What effect would an AChE inhibitor have at the neuromuscular junction?

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1 CASE 4 A 32-year-old woman presents to her primary care physician s office with difficulty chewing food. She states that when she eats certain foods that require a significant amount of chewing (meat), her jaw muscles become weak and tired. After a period of rest, her jaw muscles regain their strength until she eats again. The patient is diagnosed with myasthenia gravis and is started on neostigmine, an acetylcholinesterase (AChE) inhibitor. What effect would an AChE inhibitor have at the neuromuscular junction? How would a large reduction in extracellular [Ca 2+ ] affect synaptic transmission at the neuromuscular junction? What is the ionic mechanism that underlies the endplate potential (EPP) produced by acetylcholine (ACh) release?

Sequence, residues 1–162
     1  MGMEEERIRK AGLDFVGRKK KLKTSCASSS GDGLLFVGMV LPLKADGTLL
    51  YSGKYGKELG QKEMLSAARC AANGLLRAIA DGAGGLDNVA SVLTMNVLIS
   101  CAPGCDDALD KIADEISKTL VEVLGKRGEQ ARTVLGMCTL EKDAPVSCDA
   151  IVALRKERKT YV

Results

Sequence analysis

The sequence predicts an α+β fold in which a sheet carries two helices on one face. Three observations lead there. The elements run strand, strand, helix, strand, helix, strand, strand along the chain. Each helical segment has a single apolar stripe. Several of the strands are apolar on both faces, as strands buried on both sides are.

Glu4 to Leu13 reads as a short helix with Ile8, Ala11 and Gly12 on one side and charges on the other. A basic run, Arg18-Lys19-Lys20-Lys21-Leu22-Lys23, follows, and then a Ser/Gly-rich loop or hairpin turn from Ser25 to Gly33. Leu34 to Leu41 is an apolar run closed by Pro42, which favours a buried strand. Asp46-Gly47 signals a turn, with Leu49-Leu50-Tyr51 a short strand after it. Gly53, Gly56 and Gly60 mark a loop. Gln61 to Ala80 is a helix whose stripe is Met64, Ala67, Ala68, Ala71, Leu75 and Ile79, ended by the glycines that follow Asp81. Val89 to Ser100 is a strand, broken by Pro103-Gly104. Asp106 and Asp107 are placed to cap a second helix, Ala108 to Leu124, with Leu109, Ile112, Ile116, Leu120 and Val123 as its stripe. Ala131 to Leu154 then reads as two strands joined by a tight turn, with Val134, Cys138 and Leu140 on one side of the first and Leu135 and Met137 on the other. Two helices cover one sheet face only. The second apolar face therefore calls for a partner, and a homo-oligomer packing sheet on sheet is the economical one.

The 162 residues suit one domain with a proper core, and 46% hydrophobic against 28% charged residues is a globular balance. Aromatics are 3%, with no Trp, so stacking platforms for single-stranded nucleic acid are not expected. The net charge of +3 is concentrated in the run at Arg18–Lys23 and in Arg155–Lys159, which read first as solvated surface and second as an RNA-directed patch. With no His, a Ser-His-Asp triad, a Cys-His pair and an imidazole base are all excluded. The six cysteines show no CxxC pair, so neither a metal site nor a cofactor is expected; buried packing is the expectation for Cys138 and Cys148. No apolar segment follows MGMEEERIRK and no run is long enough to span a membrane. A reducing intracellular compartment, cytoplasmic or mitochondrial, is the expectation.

2 42 CASE FILES: PHYSIOLOGY ANSWERS TO CASE 4: SYNAPTIC POTENTIALS Summary: A 32-year-old woman is diagnosed with myasthenia gravis and is being treated with neostigmine. Effect of AChE inhibitor: Blocks the degradation of ACh, causing an increase in the endplate potential, and prolongs the action of ACh at the motor endplate. Effect of reducing [Ca 2+ ] o : Reduces Ca 2+ -dependent exocytosis of ACh from vesicles in the presynaptic terminal. Ionic mechanism of EPP: ACh opens ligand-gated channels that are equally permeable to Na + and K +. The net effect is depolarization that reaches action potential threshold in the muscle cell. CLINICAL CORRELATION Myasthenia gravis is a neuromuscular disease with classic symptoms of weakness and fatigue of skeletal muscles. Myasthenia gravis is seen more commonly in females, with peak incidence at 20 to 30 years of age. Men have a peak of incidence at around 50 to 60 years of age. The underlying pathophysiology is the development of antibodies to peripheral ACh receptors. The release of ACh remains normal, but because of the reduction in the number of receptors, the EPP is reduced and may fail to reach threshold for muscle action potentials. This is most likely to occur during repetitive firing and twitch summation because ACh release decreases during repetitive activity, and if the EPP is reduced to begin with, it will fall below the action potential threshold more rapidly. This reduces twitch summation, causing weakness and fatigue, and explains the classic symptoms of myasthenia gravis: muscle weakness that increases with repetitive muscle use (eg, chewing) and partially recovers with rest. Treatment with AChE inhibitors decreases the degradation of ACh, thus enhancing and prolonging each EPP, increasing twitch summation and reducing weakness. APPROACH TO SYNAPTIC POTENTIALS Objectives 1. Understand the physiology of the neuromuscular junction. 2. Understand the synaptic physiology within the nervous system. Definitions Endplate potential (EPP): The excitatory postsynaptic potential (EPSP) at the neuromuscular junction caused by the opening by ACh of nicotinic ACh receptors in the muscle endplate.